As Bobo, the Hollywood-ized amalgamation of the characters he’d portrayed previously, Gabin is saved from the twin clouds of doom and unknowing thanks to his emotional connection with Anna (the young Ida Lupino at her most luminous). MOONTIDE (1942) presents love as a tidal force capable of overcoming the insistently expressionistic portrayal of flawed and coercive relationships. (Gabin quickly found Hollywood too constraining, and despite his burgeoning affair with Marlene Dietrich, he returned home to fight in the war—an experience that turned his tousled mane of hair pure white.)
THE centerpiece of our Gabin birthday tribute occurs on Sunday evening with two films in which our hero is a haunted adulterer—a situation that shows the perils for a man with too much empathy for the opposite sex. In STORMY WATERS (1941), Gabin’s character is unaware of the emotional currents that are about to overwhelm him: he and his wife (Jacqueline Laurent) have lived in a state of denial since early in their marriage. Director Jean Gremillon uses the sea as a visceral metaphor that shows the danger of suddenly released passion; Michele Morgan, the only French cinema icon with more “eye power” than Gabin, is again the gentle catalyst for an unexpected reckoning.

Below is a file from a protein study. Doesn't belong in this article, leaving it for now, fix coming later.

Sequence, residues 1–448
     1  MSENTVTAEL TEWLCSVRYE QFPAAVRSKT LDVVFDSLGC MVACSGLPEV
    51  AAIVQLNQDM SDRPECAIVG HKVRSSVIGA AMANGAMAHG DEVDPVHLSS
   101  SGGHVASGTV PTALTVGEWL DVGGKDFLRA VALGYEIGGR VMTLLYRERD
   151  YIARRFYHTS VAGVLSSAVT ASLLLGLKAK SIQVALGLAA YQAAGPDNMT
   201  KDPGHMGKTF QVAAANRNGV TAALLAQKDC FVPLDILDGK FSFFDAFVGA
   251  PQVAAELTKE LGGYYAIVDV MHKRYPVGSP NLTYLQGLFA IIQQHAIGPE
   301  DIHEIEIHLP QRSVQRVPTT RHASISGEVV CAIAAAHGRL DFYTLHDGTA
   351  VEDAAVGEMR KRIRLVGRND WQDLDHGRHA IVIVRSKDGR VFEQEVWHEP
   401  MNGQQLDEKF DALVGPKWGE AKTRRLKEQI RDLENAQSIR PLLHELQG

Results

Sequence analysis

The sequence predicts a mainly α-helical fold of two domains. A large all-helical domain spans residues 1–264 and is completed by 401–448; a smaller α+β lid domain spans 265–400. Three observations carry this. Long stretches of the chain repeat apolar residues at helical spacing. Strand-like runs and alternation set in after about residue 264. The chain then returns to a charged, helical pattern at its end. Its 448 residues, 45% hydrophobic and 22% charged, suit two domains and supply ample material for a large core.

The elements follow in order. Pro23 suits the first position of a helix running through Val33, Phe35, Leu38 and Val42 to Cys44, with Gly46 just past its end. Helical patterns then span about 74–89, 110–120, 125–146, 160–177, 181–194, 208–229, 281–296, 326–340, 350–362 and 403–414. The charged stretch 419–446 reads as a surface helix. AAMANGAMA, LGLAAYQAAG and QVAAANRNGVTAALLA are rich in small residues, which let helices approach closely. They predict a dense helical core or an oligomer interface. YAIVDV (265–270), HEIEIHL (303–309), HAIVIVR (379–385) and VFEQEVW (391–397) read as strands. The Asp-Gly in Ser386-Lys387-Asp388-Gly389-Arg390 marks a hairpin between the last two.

But it is perhaps in the criminally overlooked PEOPLE OF NO IMPORTANCE (1956) where we see the encroachments of the modern world as they both dictate and distort sexual politics and the viability of love itself. Torn from his family by an affair with a young woman he met on the road, Gabin’s trucker finds that his empathy for women can achieve little or nothing: his relations with all of them—his wife (the superbly beleaguered Yvette Etiévant), his daughter (Dany Carrel, alternately rebellious and remorseful), and his young, pregnant lover (Françoise Arnoul, luminous even in her terminal disaffection)—are irrevocably strained. A careless moment can undo all of the caring one gives…and there are no eyes more capable of registering this realization than Gabin’s.
AND on Monday the 16th we see the collision of this theme with Gabin’s own offscreen life. In THE ROOM UPSTAIRS (1946, aka MARTIN ROUMAGNAC), we see the arc of Gabin’s tempestuous but ultimately terminated affair with another essential film icon: Marlene Dietrich. Haunted by his experiences in the French Free Navy, Gabin felt the need for children; Dietrich, several years older than him, was not in a position to give them to him.